How do we understand drug use? How are drugs related to our social worlds? How should drug use be understood, approached and dealt with? Insightful and illuminating, this book successfully discusses drugs in social contexts. In an elegant manner, the authors bring together their different theoretical and practical backgrounds, offering a comprehensive and interdisciplinary introduction that opens up a wide scientific understanding moving beyond cultural myths and presuppositions. Powerful and engaging, this book discusses main questions within the field of psychoactive drugs research, such as: Why do people take drugs? How do we understand moral panics? What is the relationship between drugs and violence? How do people's social positions influence their individual involvement in drug use? This is an invaluable reference source for students on criminology, sociology and social sciences programmes, as well as students and drug service practitioners in social work, social policy and nursing.
War on Drugs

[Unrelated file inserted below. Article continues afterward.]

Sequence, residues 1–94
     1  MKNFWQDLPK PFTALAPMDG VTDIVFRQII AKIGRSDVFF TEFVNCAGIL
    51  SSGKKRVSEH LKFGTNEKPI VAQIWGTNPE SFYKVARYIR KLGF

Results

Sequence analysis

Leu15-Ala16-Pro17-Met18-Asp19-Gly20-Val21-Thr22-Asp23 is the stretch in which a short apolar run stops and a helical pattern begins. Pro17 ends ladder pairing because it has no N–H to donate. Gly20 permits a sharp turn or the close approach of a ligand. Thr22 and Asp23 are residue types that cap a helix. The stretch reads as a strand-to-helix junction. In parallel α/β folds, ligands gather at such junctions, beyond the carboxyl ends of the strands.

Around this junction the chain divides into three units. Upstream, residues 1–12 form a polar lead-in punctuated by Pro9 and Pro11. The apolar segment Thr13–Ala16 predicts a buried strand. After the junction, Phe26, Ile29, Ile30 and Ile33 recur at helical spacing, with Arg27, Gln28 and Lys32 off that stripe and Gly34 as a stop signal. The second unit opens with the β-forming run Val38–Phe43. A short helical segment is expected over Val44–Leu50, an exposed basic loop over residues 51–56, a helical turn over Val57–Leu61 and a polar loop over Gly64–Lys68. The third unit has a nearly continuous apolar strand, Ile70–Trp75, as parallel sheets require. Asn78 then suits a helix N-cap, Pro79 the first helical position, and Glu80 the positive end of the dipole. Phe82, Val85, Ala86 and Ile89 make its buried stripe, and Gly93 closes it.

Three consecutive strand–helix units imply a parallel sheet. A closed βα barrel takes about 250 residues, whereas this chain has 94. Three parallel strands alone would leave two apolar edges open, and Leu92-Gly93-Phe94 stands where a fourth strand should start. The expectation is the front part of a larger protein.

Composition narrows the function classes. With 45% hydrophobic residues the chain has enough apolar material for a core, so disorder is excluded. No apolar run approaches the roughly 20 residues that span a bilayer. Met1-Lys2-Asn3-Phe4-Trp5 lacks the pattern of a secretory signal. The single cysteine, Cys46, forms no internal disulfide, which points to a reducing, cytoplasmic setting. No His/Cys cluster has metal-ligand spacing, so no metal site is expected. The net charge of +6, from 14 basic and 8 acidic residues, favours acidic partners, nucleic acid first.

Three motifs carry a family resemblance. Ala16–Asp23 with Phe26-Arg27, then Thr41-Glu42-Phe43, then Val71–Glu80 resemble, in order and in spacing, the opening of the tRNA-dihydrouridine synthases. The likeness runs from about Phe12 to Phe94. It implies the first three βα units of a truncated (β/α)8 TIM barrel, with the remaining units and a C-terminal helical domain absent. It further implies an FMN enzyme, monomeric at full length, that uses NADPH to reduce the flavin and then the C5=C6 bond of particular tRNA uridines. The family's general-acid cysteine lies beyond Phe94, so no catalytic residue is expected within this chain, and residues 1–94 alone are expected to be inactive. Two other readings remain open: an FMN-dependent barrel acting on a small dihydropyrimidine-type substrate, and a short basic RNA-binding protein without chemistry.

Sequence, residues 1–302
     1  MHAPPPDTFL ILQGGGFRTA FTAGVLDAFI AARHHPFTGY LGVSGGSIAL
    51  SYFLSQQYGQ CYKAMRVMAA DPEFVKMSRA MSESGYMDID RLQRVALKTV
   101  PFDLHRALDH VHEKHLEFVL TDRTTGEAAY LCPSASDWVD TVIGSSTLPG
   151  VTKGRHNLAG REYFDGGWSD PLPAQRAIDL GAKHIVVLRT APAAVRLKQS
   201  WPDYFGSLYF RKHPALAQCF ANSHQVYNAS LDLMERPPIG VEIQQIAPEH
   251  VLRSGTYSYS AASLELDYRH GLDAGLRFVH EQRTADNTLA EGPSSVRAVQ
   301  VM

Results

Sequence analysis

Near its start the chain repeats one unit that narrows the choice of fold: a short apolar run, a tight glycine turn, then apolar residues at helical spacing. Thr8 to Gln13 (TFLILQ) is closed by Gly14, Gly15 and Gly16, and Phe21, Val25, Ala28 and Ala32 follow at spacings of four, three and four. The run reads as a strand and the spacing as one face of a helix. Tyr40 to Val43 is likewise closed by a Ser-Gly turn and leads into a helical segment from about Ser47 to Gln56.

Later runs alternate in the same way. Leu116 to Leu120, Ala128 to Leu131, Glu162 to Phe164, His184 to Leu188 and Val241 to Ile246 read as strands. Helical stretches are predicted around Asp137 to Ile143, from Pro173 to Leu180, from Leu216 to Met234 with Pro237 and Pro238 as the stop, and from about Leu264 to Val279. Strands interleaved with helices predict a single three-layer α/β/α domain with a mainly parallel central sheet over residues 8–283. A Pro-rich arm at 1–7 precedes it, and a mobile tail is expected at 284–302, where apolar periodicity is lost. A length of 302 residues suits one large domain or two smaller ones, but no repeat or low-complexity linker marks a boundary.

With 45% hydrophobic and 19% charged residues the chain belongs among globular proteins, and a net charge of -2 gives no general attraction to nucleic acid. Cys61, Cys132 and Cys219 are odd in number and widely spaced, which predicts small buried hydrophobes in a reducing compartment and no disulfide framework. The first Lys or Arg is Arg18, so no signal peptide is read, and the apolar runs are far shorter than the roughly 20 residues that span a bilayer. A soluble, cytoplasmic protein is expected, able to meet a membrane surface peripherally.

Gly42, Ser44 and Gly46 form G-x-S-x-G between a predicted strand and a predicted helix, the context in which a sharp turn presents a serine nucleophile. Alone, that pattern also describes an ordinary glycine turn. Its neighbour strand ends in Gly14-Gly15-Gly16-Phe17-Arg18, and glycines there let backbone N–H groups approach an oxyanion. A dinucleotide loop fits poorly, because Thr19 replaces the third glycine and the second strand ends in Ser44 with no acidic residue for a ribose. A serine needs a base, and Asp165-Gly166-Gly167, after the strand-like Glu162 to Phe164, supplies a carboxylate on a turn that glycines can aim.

War on Drugs
The ‘war on drugs’ describes the controversial rhetoric used to elicit support for repressive drug prohibition policies by those for whom drug use is inherently problematic. The war on drugs has profoundly shaped national and international approaches to the cultivation, production, distribution and use of those substances deemed to be ‘dangerous’.
The war on drugs is one of the defining discourses of the 20th century and beyond. In June 1971, US President Richard Nixon officially declared a war on drugs following a campaign to implement a national anti-drug strategy at state and federal levels. This declaration was the culmination of a gradual development of prohibition as the dominant drug control system over the previous 100 years (see also 30 international ...